The low rate of antihypertensive medication adherence in this statewide Medicaid population (39.4%) replicates the findings of other researchers in other insured populations.34,35
This study demonstrates that low antihypertensive medication adherence is a potent cardiovascular risk factor for community-dwelling hypertensive patients and that increasing adherence by just one pill per week for a once-a-day regimen (i.e., increasing MRA by 15%) can result in a 7% reduction in hazard of death or a number needed to treat (NNT) of 344 to prevent one death in 2.7 years. This compares very favorably with the NNT estimated at greater than 500 for cholesterol-lowering therapy to prevent one death in 5 years for patients with two or more risk factors such as hypertension.15,36
This study demonstrates that medication adherence, a factor very amenable to change, is among the most important cardiovascular risk factors for hypertensive patients. We found a 0.5% increase in deaths over 5 years attributable to non-adherence (MRA
80%). Given that there are approximately 68 million US adults with hypertension37
and approximately 60% are non-adherent by this standard, these results suggest than approximately 200,000 lives could be saved over the next 5 years by increasing adherence levels for all hypertensive patients to ≥80%. These estimates of the lives saved by improved adherence and control of hypertension are consistent with the estimates of other authors.37,38
It is likely that a similar number of strokes could be prevented through increases in adherence, but our study had insufficient stroke events and was underpowered to show significant impact on stroke in the survival analysis due in part to the stringent requirements for stroke diagnosis.
Of particular interest to generalist physicians is the finding that increased ambulatory care was associated with decreased mortality risk. This study, unlike previous studies of cohorts of patients with chronic disease,12–14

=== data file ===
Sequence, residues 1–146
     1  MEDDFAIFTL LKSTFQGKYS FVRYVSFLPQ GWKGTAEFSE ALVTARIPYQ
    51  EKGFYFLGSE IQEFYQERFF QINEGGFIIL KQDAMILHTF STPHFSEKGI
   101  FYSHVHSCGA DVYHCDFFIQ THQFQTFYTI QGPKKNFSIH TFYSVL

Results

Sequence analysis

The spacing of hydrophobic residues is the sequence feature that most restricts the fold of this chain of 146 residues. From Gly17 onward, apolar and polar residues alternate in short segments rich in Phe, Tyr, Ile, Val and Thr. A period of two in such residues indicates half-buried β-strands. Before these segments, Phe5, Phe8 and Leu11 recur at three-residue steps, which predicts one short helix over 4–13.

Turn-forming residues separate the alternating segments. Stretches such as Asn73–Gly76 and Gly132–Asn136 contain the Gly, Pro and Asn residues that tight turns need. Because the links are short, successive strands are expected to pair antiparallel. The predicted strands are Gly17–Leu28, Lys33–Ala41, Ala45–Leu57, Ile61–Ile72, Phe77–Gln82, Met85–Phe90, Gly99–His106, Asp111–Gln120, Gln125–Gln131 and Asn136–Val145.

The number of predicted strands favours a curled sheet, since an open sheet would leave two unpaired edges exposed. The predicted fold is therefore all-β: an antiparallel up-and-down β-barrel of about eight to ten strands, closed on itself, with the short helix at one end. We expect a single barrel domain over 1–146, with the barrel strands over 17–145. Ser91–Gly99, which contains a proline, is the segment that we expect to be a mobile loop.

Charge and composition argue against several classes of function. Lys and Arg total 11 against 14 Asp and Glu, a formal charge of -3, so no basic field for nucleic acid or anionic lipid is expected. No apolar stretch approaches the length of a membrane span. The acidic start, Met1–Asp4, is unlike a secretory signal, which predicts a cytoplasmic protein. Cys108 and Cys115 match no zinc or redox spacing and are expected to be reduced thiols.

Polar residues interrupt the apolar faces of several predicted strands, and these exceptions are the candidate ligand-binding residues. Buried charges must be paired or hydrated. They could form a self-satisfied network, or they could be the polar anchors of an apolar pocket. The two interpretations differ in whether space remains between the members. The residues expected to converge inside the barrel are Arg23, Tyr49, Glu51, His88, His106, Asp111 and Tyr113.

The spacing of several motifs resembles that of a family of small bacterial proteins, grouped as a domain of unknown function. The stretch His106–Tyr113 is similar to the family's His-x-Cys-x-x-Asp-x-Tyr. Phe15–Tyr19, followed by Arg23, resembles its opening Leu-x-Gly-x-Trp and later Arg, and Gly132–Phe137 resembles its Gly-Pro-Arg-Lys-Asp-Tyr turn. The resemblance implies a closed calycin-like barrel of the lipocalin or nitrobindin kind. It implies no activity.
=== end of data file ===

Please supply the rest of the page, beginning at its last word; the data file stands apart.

found that ambulatory visits were protective for death once we controlled for the impact of comorbidity. The most notable of previous studies to assess the impact of ambulatory care showed that recently hospitalized veterans with diabetes, chronic obstructive pulmonary disease, or congestive heart failure randomized to an intensive primary care intervention actually experienced higher readmission rates.12
The results of our community-based observational study are reassuring and are consistent with the a priori expectation of primary care physicians that their outpatient efforts to control hypertension pay off. Although the effect size for ambulatory visits was small, this study is to our knowledge the first to give clear evidence that ambulatory visits in community settings are beneficial for hypertensive patients. This finding is striking since ambulatory visits are subject to confounding by indication; sicker people go to the doctor more. By using meticulous methods to control for the effects of comorbidity, the current study was able to unmask the impact of ambulatory care.
The effect of ambulatory care is likely mediated by increasing opportunities for measurement and improvement of hypertension control. The finding that baseline emergency care exposure was protective for death suggests that emergency visits may also provide important opportunities to identify and treat patients with uncontrolled hypertension. Further research is needed to determine the optimal number and types of visits needed to maintain blood pressure control and prevent adverse events, the primary mechanisms through which ambulatory visits improve outcomes, and the most effective methods for improving adherence and control of hypertension in ambulatory settings.13
This study also demonstrated that exposures to most major classes of antihypertensives were protective for mortality independent of adherence levels. This is consistent with clinical trials and meta-analyses of hypertension outcome trials demonstrating similar mortality benefits for these major classes.39